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Editor's journey


The courage to believe

 

SPRINGFIELD, Mo. — Have you ever spoken to someone who flaunts his or her unbelief? If so, you’ve probably heard these words: “I think Jesus taught some good things, but I don’t believe He’s the Son of God. Besides, I just don’t buy into a lot of things in the Bible.”

There are millions of self-professed “seekers of truth” who are on a self-imposed journey to self-discovery. They long to find something “spiritual” that others have not yet experienced. They desire to be among the “enlightened” ones. Unfortunately, their quest for deeper meaning often lures them into false religions that offer nothing more than spiritual placebos.

To them, their search for truth is noble and courageous. “Accepting the Bible’s perspective may help others cope with the challenges of life,” they say, “but we need something more profound and fitting to our lifestyle.”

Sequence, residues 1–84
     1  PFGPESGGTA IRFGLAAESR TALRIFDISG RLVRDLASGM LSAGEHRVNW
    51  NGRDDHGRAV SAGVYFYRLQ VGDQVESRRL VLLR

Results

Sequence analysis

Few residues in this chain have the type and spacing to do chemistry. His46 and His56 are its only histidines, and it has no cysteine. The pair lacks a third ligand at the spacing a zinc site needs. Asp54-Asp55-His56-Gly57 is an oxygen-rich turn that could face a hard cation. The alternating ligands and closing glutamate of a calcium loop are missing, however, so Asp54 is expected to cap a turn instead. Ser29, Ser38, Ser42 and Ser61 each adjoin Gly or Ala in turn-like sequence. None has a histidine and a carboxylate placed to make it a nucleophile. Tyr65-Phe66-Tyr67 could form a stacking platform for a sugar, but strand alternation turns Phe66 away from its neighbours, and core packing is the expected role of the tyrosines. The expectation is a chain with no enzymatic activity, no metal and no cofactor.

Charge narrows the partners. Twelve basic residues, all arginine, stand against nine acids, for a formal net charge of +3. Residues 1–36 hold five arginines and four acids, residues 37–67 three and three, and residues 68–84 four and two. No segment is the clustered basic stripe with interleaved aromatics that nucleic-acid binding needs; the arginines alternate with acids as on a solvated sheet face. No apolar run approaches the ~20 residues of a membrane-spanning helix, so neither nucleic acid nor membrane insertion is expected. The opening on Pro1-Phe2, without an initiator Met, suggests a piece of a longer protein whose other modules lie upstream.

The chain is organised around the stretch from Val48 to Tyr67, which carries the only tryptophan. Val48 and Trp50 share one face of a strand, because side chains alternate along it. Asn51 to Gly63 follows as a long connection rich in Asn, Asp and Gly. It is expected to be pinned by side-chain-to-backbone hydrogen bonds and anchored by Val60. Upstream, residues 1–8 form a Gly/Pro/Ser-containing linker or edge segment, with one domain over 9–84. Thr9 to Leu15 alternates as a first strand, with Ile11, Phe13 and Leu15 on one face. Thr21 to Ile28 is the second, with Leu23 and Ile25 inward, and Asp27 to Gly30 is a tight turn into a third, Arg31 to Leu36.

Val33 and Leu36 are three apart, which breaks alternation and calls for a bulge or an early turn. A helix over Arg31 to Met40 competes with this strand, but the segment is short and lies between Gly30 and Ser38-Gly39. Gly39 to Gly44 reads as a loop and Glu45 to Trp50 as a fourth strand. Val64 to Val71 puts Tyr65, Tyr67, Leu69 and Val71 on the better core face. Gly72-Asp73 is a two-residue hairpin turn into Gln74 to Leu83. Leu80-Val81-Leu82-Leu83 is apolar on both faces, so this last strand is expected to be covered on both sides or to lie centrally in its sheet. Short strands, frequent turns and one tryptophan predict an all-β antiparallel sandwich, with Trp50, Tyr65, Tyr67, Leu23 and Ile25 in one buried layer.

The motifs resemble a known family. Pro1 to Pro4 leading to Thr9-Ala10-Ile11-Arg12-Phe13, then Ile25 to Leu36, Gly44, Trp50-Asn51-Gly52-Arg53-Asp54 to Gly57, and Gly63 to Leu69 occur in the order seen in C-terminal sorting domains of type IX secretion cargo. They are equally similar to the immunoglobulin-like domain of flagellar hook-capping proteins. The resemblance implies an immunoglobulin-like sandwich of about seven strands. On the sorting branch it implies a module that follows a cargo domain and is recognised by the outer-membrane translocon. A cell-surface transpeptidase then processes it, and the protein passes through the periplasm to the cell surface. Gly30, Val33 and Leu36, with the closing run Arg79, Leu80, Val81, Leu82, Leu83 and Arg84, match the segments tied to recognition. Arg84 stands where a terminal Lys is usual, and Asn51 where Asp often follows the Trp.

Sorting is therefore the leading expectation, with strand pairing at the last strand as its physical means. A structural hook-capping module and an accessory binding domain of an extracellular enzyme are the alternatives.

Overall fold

As a result, they waste years dabbling in dangerous spiritual “techniques” and sampling the latest New Age philosophies. At journey’s end, they discover a treasure chest of confusion and dissatisfaction.

Tragically, the same pride that took them nowhere prevents them from acknowledging that Jesus is the only way to salvation. It requires more courage to retrace their steps and admit their need for Christ than it took to embark on their exploration. They must admit to themselves — and to others — that they have wasted time and searched for peace and purpose in all the wrong places.

The Bible is filled with people who embarked on wayward journeys only to return to God’s waiting arms. They simply humbled themselves before God and asked that He forgive their unbelief and give them a fresh start. In response, the God of grace and mercy granted them the gift of faith; He gave them the courage to believe.

If you have friends who are “seekers of truth,” here are five steps you can take to help them discover Jesus:

1. Pray for them daily.

2. Be authentic.

3. Exercise patience, allowing the Holy Spirit to work in their lives.

4. Be a friend. Spend time with them.

5. Answer their questions openly, without condemnation or accusation.

Hal Donaldson

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